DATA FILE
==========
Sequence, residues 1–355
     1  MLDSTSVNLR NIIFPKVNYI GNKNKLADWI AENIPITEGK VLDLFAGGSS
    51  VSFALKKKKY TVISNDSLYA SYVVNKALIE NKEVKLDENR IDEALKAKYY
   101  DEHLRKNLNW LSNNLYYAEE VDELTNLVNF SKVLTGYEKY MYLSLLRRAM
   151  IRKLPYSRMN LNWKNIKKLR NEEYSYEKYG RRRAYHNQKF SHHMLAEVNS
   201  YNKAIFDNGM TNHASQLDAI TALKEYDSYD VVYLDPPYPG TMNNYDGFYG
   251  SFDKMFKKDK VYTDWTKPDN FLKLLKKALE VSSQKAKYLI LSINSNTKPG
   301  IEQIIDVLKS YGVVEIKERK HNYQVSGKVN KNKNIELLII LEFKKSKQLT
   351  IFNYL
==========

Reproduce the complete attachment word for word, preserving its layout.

Sequence, residues 1–355
     1  MLDSTSVNLR NIIFPKVNYI GNKNKLADWI AENIPITEGK VLDLFAGGSS
    51  VSFALKKKKY TVISNDSLYA SYVVNKALIE NKEVKLDENR IDEALKAKYY
   101  DEHLRKNLNW LSNNLYYAEE VDELTNLVNF SKVLTGYEKY MYLSLLRRAM
   151  IRKLPYSRMN LNWKNIKKLR NEEYSYEKYG RRRAYHNQKF SHHMLAEVNS
   201  YNKAIFDNGM TNHASQLDAI TALKEYDSYD VVYLDPPYPG TMNNYDGFYG
   251  SFDKMFKKDK VYTDWTKPDN FLKLLKKALE VSSQKAKYLI LSINSNTKPG
   301  IEQIIDVLKS YGVVEIKERK HNYQVSGKVN KNKNIELLII LEFKKSKQLT
   351  IFNYL